POLICE officers celebrated Black History Month by looking at topical issues such as the impact of Covid-19 on black communities.

Essex Police’s virtual conference was attended by 135 police officers, staff, volunteers, and members of local communities across Essex.

Regional and national stakeholders also joined in, some of whom talked about their personal experiences about growing up and policing.

Chief constable Ben-Julian Harrington used the platform to pledge his commitment to further enhancing diversity and equality.

He also spoke of the pride he has in the work which has already taken place across the force. 

Braintree and Witham Times: Chief constable Ben-Julian Harrington Chief constable Ben-Julian Harrington

Chief constable Harrington said: “Black History Month is an opportunity for us all to celebrate the cultures, histories and achievements of Britain’s African and Caribbean communities and to understand the challenges and opportunities facing black communities. 

“We police with the consent of all the community, so inequalities and disproportionality that impact more on any part of those communities, including those unfortunately found in some police tactics, can undermine this trust and confidence.

“This is particularly true in relation to black communities.

"I am committed to work towards resolving these in the months and years ahead, working in partnership with local communities and my officers, staff and volunteers who do the policing.

“I celebrate Black History Month with you and encourage young black people to please join us and become heroes in policing, like the thousands of women, and men, just like you, already working here.”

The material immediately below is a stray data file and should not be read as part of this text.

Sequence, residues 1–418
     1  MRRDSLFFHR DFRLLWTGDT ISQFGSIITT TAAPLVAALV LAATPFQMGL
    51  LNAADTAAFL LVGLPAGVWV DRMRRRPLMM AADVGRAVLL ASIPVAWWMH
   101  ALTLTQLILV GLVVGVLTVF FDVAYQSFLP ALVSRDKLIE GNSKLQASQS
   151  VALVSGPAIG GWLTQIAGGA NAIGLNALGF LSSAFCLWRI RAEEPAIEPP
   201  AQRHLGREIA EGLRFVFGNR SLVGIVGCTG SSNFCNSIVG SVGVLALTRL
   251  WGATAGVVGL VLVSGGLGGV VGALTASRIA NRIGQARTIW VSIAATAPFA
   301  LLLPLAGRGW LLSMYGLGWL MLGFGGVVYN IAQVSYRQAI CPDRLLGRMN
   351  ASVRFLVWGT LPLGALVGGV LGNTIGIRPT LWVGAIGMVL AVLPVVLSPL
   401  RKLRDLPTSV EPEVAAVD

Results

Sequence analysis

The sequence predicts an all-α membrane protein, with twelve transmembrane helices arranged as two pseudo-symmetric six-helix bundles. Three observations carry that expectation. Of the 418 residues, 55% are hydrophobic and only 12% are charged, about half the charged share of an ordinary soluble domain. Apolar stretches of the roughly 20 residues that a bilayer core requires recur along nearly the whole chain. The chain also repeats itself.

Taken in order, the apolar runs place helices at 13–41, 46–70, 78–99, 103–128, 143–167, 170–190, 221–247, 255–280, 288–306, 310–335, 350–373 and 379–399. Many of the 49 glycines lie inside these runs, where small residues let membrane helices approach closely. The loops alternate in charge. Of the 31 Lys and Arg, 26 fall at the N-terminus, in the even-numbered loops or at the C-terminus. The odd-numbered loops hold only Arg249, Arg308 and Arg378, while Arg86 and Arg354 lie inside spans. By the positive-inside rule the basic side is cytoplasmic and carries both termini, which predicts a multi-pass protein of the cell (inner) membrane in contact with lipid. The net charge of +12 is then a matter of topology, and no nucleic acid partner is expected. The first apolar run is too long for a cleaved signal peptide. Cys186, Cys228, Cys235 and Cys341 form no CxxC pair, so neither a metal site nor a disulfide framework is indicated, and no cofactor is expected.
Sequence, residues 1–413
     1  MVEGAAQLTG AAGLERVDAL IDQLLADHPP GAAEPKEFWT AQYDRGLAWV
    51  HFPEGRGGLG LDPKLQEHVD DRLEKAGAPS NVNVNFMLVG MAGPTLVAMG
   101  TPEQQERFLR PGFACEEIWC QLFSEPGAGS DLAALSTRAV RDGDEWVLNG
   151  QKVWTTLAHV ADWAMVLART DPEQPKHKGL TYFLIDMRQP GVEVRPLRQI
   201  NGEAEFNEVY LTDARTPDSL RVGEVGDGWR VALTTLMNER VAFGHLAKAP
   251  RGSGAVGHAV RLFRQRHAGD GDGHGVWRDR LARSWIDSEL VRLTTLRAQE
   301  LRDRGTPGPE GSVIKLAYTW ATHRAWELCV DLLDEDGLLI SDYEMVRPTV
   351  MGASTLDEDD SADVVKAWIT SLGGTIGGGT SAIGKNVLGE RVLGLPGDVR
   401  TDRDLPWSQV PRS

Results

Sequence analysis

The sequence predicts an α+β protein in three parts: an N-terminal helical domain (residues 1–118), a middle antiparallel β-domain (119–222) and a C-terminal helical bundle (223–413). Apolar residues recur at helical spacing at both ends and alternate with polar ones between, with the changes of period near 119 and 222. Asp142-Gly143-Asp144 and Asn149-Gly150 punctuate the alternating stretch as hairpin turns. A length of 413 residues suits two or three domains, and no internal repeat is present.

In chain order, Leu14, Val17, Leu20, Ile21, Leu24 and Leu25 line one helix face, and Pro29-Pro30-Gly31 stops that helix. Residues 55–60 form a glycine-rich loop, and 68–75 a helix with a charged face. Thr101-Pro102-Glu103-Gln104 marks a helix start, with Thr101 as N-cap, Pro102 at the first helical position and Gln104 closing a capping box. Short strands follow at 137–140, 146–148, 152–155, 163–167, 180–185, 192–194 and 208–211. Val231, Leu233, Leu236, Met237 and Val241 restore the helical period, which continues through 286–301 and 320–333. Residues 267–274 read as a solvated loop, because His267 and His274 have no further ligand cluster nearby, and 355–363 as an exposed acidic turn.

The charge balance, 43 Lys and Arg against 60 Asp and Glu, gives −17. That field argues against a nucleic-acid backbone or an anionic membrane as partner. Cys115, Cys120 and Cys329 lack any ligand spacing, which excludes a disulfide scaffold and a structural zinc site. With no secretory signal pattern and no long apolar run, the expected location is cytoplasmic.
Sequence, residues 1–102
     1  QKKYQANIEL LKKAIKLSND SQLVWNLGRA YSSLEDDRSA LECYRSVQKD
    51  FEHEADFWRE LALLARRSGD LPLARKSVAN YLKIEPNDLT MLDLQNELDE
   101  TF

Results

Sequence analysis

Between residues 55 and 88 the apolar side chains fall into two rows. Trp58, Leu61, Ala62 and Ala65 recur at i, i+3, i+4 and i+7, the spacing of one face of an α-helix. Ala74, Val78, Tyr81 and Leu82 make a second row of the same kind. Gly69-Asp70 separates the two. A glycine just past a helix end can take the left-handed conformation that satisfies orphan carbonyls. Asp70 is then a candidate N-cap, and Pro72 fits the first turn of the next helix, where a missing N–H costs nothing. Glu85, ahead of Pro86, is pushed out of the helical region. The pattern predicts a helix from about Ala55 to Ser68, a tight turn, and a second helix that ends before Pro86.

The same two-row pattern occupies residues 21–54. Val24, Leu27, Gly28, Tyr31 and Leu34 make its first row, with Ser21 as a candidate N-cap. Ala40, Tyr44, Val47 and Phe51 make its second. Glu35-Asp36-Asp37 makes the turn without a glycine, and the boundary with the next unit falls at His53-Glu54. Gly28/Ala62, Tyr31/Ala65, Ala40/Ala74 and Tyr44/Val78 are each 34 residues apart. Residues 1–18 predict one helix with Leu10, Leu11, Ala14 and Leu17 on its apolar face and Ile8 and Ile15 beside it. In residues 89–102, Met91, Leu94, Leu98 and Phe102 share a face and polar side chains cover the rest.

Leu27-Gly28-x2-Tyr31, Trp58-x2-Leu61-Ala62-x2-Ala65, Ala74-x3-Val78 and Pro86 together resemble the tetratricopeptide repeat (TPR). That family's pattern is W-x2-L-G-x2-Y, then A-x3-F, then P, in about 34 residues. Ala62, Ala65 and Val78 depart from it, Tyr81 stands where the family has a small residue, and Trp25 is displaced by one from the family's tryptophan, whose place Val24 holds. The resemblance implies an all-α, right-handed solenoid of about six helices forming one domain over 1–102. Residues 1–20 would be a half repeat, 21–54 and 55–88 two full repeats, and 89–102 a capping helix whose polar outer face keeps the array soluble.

Hosted by Essex Police's Minority and Ethnic Support Association, the discussion mainly focused on the impact of Covid-19 on black communities.

It also explored their resilience and how the force worked with all communities during the Black Lives Matter demonstrations during the summer to further enhance community cohesion.

Officers and staff also talked about their personal journeys.

Epping Forest and Brentwood district commander chief inspector Antony Alcock said he’d never experienced racism in policing and was privileged to have served in many different and exciting roles. 

He also told how he’d worked hard to ensure that he’s perceived as a credible and competent leader and also shared the challenges of his family life as a young boy.

Braintree and Witham Times: Vernal Scott, Essex Police’s diversity and inclusion manager,Vernal Scott, Essex Police’s diversity and inclusion manager,

Vernal Scott, Essex Police’s diversity and inclusion manager, spoke about his journey as a black man and the importance of drawing a line under the past and looking towards to a more inclusive future.

Chief inspectors Sharn Taylor and Diane Middlemiss also expanded on what the Positive Action Team was doing to attract and recruit a more diverse pool of applicants.

Detective inspector Andy George, president of the National Black Police Association, closed the event by talking about the progress that is being made locally in Essex, as well as regionally and nationally.

Essex Police recently launched a recruitment campaign called, We Value Difference, designed to encourage applications from people who might not traditionally see policing as a career option.

To look into joining Essex Police visit essex.police.uk/fitthebill.